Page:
> Unfortunately, my company's corporate reimaging policy is... a bit tough, so
> I'd very much like to not kill the windows install.

Your company has a reimaging policy that's difficult to work with, but
they'd let you resize the partition?

Interesting. But at any rate, if it's an option, I'd try a variation on
what we often do here for imaging/resizing...

Download and burn RIP (Rescue-Is-Possible) Linux.
Mount a Windows share or use a USB drive of sufficient size...
and use Partimage to copy your system's partition to that storage area.

This creates a system-state backup.

Now to resize...
use the disk partition tool from RIP (think it's gparted? A graphical
utility...use the right click menu to find it). Click the partition and
select the tools to resize it.
Once resized you should be able to do what you want with the new space.
We haven't had issues with it here, but we didn't do it to resize an
additional, in-use system...we deploy images to batches of computers to
go out as workstations.

If something goes wrong, use partimage to restore your backup partition
image.

-Bart

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Old 05-16-2008, 05:07 PM
Bart Silverstrim
 
Default Is NTFS resizing safe nowadays?

Phill MV wrote:
>> Define Safe? I would never manipulate partitions unless I was ready to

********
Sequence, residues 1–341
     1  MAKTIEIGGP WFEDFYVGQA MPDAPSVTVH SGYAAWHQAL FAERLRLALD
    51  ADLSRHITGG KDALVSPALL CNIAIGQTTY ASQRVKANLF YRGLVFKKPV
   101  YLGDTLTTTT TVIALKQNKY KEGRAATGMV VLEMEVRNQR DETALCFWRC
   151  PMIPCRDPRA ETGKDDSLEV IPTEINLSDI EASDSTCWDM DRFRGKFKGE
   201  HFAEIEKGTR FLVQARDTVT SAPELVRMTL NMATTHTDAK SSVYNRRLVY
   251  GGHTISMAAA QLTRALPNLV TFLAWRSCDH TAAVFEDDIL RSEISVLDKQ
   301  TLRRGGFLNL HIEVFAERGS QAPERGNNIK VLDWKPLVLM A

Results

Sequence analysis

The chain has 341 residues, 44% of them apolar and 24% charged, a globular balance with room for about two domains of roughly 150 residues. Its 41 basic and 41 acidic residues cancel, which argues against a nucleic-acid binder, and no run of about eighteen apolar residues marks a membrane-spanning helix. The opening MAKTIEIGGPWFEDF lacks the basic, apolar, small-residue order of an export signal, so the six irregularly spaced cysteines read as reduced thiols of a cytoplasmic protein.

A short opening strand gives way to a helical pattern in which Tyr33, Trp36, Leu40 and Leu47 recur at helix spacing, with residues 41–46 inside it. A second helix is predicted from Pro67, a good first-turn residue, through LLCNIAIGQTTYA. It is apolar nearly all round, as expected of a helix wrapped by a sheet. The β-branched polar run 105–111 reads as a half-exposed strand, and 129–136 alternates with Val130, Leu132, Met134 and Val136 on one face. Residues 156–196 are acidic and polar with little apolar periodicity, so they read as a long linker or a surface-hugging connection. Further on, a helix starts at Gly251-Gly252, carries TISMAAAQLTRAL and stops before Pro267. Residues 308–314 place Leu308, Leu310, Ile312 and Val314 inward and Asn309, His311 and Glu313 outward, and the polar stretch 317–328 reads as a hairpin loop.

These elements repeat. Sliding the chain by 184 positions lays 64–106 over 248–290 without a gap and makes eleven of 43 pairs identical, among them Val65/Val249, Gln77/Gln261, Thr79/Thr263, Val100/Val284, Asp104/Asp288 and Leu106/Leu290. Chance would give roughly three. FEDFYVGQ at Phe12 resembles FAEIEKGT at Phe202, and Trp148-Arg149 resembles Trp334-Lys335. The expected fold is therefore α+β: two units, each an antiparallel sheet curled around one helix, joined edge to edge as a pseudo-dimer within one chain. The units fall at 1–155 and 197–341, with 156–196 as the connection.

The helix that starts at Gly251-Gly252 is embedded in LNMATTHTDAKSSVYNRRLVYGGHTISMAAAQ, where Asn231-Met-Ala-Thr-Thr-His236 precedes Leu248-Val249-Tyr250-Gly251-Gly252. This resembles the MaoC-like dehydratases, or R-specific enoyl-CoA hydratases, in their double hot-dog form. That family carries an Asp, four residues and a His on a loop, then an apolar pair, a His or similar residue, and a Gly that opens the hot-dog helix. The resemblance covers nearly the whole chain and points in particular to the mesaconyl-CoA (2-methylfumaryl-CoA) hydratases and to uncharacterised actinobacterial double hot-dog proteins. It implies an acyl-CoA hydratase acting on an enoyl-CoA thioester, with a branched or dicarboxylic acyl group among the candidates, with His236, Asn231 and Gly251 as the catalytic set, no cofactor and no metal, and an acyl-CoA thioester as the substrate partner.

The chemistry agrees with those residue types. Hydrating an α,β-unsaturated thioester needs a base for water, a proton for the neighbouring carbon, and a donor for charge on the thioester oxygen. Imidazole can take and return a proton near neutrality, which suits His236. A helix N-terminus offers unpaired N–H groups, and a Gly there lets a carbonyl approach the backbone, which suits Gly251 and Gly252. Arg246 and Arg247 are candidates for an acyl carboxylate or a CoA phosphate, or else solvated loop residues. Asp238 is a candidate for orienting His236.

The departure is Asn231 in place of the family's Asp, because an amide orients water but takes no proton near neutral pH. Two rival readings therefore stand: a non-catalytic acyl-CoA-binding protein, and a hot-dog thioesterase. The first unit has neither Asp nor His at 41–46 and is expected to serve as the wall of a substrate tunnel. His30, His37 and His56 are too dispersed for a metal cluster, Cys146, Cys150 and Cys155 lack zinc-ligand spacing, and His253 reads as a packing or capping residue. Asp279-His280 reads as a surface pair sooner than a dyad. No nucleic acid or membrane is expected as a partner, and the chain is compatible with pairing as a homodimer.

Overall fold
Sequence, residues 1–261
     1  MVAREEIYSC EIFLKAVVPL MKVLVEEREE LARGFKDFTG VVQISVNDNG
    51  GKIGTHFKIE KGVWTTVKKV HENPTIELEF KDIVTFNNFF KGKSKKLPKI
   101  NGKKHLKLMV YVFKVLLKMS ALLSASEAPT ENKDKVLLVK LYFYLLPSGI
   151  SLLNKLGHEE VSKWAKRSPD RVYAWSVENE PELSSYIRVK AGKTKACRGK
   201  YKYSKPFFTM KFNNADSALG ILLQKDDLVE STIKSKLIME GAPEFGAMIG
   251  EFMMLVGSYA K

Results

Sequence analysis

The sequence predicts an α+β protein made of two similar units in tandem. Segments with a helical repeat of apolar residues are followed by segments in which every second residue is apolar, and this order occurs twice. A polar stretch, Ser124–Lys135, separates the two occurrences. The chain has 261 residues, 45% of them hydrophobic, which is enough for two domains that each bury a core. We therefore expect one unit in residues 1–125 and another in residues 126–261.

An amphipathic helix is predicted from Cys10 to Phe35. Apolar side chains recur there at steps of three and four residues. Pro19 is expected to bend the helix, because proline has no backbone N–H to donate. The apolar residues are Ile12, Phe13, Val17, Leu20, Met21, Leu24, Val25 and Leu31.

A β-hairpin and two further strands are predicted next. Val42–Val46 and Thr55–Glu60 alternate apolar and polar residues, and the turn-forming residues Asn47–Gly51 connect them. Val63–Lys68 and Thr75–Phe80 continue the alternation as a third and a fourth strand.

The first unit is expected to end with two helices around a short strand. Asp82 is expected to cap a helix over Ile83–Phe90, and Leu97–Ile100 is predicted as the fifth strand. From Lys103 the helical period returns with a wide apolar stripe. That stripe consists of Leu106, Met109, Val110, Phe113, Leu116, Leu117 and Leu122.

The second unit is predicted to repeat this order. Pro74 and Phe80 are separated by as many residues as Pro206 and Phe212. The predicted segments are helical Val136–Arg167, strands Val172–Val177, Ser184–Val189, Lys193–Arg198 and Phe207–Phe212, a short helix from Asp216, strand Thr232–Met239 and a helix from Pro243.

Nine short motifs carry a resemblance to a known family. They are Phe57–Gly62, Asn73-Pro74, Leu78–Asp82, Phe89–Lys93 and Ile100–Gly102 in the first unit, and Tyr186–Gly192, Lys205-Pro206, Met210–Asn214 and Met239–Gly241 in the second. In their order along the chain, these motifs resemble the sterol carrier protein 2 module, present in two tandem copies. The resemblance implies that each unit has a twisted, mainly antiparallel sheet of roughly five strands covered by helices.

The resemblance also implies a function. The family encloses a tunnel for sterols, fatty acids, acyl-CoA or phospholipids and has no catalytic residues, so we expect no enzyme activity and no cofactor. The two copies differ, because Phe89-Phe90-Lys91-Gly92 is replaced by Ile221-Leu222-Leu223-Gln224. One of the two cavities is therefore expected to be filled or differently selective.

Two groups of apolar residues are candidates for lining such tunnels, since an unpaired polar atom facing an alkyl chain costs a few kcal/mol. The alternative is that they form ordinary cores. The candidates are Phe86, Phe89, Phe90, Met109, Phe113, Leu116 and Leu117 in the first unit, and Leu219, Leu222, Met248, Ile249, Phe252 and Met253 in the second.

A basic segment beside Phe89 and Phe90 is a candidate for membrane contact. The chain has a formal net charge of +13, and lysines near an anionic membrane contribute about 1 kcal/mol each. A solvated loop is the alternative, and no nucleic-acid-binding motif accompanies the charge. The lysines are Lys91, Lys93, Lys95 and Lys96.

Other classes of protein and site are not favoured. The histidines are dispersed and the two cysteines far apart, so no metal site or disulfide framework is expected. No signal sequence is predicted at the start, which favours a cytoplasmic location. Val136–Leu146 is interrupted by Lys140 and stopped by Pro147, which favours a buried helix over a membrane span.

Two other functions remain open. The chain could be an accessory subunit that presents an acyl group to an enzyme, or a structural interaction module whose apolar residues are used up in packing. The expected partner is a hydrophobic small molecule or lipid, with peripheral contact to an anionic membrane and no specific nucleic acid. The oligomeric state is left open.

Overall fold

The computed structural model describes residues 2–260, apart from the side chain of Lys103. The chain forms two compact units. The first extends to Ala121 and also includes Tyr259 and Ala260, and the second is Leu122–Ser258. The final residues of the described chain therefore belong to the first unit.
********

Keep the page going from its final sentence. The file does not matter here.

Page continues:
>> do a full recovery... The process isn't bugged or error prone, but an
>> inconveniently timed power outage or hardware failure can do much more
>> damage than usual.
>
>
> Well, let's define safe to be, "barring freak accidents external to the
> software, if you follow the steps in the vast majority of cases it will work
> perfectly" :P. I just have no means to perform recovery, because getting it
> reimaged is a large hurdle.

Another option I didn't mention was to use the vmware converter tool to
convert your existing computer into a VMWare image. Then you can install
Ubuntu, install VMWare, and run your old computer as the vmware image
rather than Ubuntu.

If you do that, though, you should rename your Windows computer image so
it doesn't cause network issues...you would need to rename it and, if
you have a static IP set, change that when you test it. XP running an
image of itself in VMWare will probably cause hiccups in your network
connectivity when it goes schizophrenic and for once it isn't Windows'
fault.

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Old 05-16-2008, 05:53 PM
David Vincent
 
Default Is NTFS resizing safe nowadays?

-----BEGIN PGP SIGNED MESSAGE-----

Hash: SHA1



Bart Silverstrim wrote:

> Phill MV wrote:

>>> Define Safe?* I would never manipulate partitions unless I
was ready to

>>> do a full recovery... The process isn't bugged or error
prone, but an

>>> inconveniently timed power outage or hardware failure can
do much more

>>> damage than usual.

>>

>> Well, let's define safe to be, "barring freak accidents
external to the

>> software, if you follow the steps in the vast majority of
cases it will work

>> perfectly" :P. I just have no means to perform recovery,
because getting it

>> reimaged is a large hurdle.

>

> Another option I didn't mention was to use the vmware converter
tool to

> convert your existing computer into a VMWare image. Then you can
install

> Ubuntu, install VMWare, and run your old computer as the vmware
image

> rather than Ubuntu.

>

> If you do that, though, you should rename your Windows computer
image so

> it doesn't cause network issues...you would need to rename it and,
if

> you have a static IP set, change that when you test it. XP running
an